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The Interactive Fiction Database - IF and Text Adventures

The Interactive Fiction Database - IF and Text Adventures
The Interactive Fiction Database is an IF game catalog and recommendation engine. IFDB is a Wiki-style community project: members can add new game listings, write reviews, exchange game recommendations, and more. Tips & More Info Christina Nordlander reviews ULTRA BUSINESS TYCOON III: "I have affluenza, and the only cure is more nano-woven abalone cards!" April 16, 2014 "Ultra Business Tycoon III is what life as a corporate executive looks like after half a gramme of cocaine.

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Minecraft player creates word processor out of redstone Once, in Minecraft, I built a house. It was a good house, on a cliff. Over time, I added a farm, a mine and, far underground, my own personal gateway to a nightmarish hell dimension. The best-selling video games of the last 10 years How'd they do it? Wii Sports's record-breaking success is owed in no small part to the fact it was bundled with the Wii console in every region but Japan when it launched in 2006. It also helps that it offered the first taste of Nintendo's then-revolutionary motion controlled gaming console and its new Mii online avatar feature, making it a hot commodity for Nintendo fans who had been chomping at the bit for the Wii's arrival. Born of Nintendo's desire to dominate the casual market, and delivered on the wings of media hype, Wii Sports bridged the gap between traditional gamers and the so-called non-gaming public in a way no title had done before. It presented fun-loving consumers of every age a family-friendly experience that could be picked up and played by anyone with a living room and reasonable mobility. This mass appeal earned it an endorsement amongst critics and a starring role in living rooms, dorms, rec centers, and senior citizen homes across the globe.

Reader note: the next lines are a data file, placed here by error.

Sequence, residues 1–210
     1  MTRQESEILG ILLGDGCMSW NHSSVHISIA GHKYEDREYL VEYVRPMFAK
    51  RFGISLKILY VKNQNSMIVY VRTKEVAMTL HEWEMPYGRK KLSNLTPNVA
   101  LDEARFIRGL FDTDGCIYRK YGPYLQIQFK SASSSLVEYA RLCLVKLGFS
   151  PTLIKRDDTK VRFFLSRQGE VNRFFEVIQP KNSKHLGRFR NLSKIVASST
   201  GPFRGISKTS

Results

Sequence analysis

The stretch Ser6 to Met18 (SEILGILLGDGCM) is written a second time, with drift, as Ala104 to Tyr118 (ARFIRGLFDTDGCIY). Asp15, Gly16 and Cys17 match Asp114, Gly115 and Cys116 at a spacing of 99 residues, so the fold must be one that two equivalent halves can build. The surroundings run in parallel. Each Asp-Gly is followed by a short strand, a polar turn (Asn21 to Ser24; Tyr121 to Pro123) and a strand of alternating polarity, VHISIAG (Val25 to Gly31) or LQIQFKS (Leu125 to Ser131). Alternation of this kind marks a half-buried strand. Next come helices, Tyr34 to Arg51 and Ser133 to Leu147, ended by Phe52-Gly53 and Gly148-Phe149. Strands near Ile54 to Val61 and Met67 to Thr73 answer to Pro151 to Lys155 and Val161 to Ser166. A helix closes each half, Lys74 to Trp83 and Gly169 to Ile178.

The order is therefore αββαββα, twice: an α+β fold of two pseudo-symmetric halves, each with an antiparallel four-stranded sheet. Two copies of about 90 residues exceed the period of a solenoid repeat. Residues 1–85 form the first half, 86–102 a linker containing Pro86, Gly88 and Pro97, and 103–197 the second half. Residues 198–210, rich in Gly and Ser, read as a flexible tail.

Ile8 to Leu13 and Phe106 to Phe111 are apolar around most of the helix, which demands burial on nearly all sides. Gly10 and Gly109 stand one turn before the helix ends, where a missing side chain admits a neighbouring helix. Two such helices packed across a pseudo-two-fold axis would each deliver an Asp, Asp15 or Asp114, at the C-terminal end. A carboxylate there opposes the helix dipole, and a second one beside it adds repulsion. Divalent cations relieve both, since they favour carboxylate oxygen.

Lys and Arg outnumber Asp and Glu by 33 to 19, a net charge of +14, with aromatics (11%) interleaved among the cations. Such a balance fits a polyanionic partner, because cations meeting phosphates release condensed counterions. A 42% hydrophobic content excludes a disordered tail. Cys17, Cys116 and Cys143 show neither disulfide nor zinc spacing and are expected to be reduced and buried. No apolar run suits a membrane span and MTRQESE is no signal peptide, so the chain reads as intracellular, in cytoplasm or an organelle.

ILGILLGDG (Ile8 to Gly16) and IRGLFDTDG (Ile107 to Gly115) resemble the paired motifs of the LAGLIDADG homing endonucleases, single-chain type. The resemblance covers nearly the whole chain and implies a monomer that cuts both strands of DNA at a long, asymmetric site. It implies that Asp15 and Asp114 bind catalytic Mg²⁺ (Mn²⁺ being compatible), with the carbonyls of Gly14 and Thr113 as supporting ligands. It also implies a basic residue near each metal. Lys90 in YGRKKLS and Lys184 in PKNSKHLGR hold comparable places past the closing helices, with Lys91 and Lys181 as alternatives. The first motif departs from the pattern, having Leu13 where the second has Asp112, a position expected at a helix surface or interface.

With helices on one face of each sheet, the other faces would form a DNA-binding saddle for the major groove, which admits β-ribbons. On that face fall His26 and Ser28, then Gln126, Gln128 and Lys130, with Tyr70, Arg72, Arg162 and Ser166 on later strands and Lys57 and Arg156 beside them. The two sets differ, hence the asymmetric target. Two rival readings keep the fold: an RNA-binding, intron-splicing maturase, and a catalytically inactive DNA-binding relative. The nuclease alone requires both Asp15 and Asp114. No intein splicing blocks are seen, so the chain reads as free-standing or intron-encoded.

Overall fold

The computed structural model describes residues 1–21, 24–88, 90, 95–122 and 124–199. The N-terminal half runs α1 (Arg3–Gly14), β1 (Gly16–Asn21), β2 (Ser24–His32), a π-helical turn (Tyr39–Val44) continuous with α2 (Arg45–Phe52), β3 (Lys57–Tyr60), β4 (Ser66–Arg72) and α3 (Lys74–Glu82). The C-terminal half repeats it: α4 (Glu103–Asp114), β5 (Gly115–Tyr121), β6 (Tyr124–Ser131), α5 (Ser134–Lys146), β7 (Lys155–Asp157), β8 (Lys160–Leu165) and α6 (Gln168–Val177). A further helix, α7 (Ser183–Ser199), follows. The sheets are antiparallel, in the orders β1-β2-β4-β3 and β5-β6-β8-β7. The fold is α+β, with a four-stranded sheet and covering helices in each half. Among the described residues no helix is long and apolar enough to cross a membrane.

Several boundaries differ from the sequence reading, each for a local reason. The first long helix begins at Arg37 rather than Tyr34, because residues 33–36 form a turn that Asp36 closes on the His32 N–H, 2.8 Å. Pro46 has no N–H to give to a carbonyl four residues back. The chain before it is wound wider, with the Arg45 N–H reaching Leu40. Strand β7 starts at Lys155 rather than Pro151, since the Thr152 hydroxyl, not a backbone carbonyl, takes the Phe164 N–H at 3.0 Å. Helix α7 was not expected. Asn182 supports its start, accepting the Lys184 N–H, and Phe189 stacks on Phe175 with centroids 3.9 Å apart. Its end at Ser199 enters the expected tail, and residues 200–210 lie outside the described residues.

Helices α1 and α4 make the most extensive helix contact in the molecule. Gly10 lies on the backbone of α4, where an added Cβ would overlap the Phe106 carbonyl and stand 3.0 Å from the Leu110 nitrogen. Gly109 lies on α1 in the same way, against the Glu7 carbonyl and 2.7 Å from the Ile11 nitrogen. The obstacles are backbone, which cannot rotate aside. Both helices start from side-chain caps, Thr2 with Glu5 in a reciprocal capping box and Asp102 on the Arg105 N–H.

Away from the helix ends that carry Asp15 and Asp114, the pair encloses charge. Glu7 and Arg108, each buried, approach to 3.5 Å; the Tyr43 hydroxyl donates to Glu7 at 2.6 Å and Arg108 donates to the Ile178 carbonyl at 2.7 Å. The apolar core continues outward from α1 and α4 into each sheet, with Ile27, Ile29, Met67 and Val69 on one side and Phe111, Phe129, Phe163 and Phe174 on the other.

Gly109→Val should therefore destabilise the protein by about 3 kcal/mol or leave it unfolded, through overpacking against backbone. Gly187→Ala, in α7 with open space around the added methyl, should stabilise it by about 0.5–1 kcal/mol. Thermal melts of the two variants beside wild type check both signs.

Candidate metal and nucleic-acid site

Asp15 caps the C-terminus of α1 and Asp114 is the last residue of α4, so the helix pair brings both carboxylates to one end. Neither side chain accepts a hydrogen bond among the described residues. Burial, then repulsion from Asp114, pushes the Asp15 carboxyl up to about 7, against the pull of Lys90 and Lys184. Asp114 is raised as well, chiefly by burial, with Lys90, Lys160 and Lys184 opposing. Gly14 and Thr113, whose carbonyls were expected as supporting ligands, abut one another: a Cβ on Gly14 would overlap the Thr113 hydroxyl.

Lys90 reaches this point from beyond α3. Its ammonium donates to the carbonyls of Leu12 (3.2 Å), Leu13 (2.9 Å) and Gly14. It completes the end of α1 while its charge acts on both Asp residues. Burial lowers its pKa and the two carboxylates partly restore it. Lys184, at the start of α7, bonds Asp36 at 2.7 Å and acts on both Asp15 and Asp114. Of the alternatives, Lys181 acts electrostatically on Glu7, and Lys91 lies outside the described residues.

Writing Interactive Fiction With Twine (Melissa Ford) A curious and fascinating thing about Melissa Ford’s Writing Interactive Fiction with Twine is how it combines hypertext craft advice and Twine syntax tutorials with design expectations largely derived from parser-based interactive fiction. This is a 400 page book about Twine fiction whose index lists Anna Anthropy once (in a passage discussing how she did geographical description in one of her games) and Porpentine never — though it does refer, without attribution, to the tiny Twine jam Porpentine ran. Steve Meretzky and Brian Moriarty appear, but not Michael Lutz or Tom McHenry or A. DeNiro or Caelyn Sandel or Dietrich Squinkifer, nor Michael Joyce or Shelley Jackson or other luminaries from the literary hypertext tradition either. The book has early and prominent chapters about how to design puzzles, inventory, and a room layout; fonts, text transitions, and CSS effects come quite a bit later, despite being much more common than inventory systems in practice. (Emphasis mine.)

Interactive Fiction Interactive fiction was the first great computer-game craze. Through the early 1980s, the most sophisticated, complex, involving games available were the text adventures. Everyone agreed. Go look up up old videogame rating charts; Infocom was always on the list — with several games. Of course, advancing graphics eventually washed away IF’s supremacy.